What is Considered Operating in a Drunk Driving Case in Ohio?
How does Ohio define operating a vehicle while under the influence (OVI)
on April 15, 2019
Updated on August 1, 2022
Intoxicated driving is dangerous. In Ohio, you can be charged with a serious criminal offense if you ‘operate’ a vehicle while you are under the influence of alcohol. To obtain a conviction for an OVI/DUI, Ohio prosecutors must prove the following three required basic elements of the offense:
- The driver was in a ‘vehicle’;
- The driver was legally intoxicated; and
- The driver was ‘operating’ that vehicle.
While these elements may appear to be relatively straightforward, there are plenty of cases in which disputes arise over whether or not the offense actually occurred. Here, you will find an overview of the definition of the required legal elements of driving under the influence in Ohio.
The Term Vehicle is Defined Broadly
Under Ohio Revised Code Section 4511.01, the term ‘vehicle’ is defined in a relatively broad manner. Certainly, cars, trucks, vans, and other similar automobiles are covered. However, beyond that, many other motorized vehicles are covered by the statute well. In fact, a person could be charged with an OVI in Ohio if they operate a motorized bike, a golf cart, an ATV, or a boat.
“People in Ohio can even be charged for an OVI on a bicycle, scooter or unicycle,” says Shawn R. Dominy, an attorney in Columbus. “OVI cases involving these types of vehicles are relatively rare, and do not pose any special challenges. … The evidence in OVI cases is, for the most part, the same—whether the case involves a car or some other type of vehicle. … People should be aware: If you are under the influence, using a bicycle, ATV, golf cart, et cetera, is not a safe alternative to driving a car.”
What is the Maximum Legal Limit in Ohio?
Similar to other jurisdictions, the maximum legal limit in Ohio is a blood alcohol concentration (BAC) level of 0.08 and it is commonly established via breath tests, field sobriety tests and blood tests. Though, for certain operators—specifically, for commercial drivers and those who are under the age of 21—the BAC level limit is lower than that. If a driver is highly intoxicated, meaning their blood alcohol content is at or above .170, they can subject to heightened penalties.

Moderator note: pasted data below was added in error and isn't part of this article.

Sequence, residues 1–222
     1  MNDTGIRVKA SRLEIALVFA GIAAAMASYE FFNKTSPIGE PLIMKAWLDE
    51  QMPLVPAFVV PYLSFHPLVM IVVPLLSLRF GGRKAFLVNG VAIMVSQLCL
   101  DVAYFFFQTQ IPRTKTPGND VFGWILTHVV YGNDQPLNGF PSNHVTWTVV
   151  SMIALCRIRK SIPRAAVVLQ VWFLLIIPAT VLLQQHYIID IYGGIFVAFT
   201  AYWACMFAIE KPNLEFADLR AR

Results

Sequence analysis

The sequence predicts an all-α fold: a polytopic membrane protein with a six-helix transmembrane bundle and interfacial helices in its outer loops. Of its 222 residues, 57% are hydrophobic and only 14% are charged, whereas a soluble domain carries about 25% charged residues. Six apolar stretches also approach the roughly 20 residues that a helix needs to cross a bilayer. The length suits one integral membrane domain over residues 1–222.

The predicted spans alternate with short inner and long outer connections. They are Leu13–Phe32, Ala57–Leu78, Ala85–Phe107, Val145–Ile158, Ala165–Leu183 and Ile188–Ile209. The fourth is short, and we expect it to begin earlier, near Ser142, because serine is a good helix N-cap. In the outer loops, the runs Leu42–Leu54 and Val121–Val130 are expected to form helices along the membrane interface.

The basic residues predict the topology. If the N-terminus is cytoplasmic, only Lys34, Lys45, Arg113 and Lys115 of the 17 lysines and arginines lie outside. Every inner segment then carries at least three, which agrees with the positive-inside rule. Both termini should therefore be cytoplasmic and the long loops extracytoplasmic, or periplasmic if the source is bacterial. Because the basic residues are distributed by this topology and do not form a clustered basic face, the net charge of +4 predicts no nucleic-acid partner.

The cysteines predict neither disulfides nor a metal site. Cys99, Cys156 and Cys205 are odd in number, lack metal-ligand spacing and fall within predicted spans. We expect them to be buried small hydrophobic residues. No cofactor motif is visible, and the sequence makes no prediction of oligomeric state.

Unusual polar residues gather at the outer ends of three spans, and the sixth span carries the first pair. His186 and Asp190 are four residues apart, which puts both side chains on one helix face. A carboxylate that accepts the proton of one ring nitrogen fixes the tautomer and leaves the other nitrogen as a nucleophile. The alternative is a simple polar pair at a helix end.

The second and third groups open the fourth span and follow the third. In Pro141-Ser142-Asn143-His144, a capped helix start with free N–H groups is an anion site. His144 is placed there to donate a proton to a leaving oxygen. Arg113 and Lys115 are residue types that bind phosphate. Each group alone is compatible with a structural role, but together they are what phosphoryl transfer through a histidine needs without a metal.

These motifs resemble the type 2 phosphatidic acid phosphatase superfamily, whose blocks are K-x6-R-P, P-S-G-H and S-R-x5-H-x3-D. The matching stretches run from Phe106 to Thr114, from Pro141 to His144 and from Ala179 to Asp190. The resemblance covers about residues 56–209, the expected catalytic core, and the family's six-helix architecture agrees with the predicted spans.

Movement is Required, Not the Potential Movement
Ohio state law requires operation of a vehicle to be charged with an OVI/DUI. Operation is defined as causing or having caused movement of the vehicle. In other words, a drunk person who is merely sitting in the driver’s seat of a car should not be charged with an OVI. This offense requires actual movement.
That being said, while you cannot be charged with an OVI if a vehicle does not move, you can still be charged with a lesser offense called Physical Control of a Vehicle Under the Influence. Though this is a lesser offense, and it is not a moving violation, it is still a serious crime that can potentially lead to jail time.
The Burden of Proof for DWI is on the Prosecution
As with other cases, it is important for defendants to remember that the burden of proof is always on the prosecution. An accused person is always presumed to be innocent until they can be proven guilty beyond a reasonable doubt. The prosecution has a duty to prove each element of the crime. If you or your loved one was arrested and charged with an OVI, it is crucial that you consult with an experienced Ohio lawyer right away to potentially avoid DUI conviction.
“Someone who has been accused of OVI in Ohio will have the first court appearance within five days, so they need to quickly decide whether they are going to plead guilty to the OVI or contest the OVI,” says Dominy. “Before making that decision, they should call a lawyer to gain an accurate understanding of the situation so they can make an informed decision about how which way to proceed.”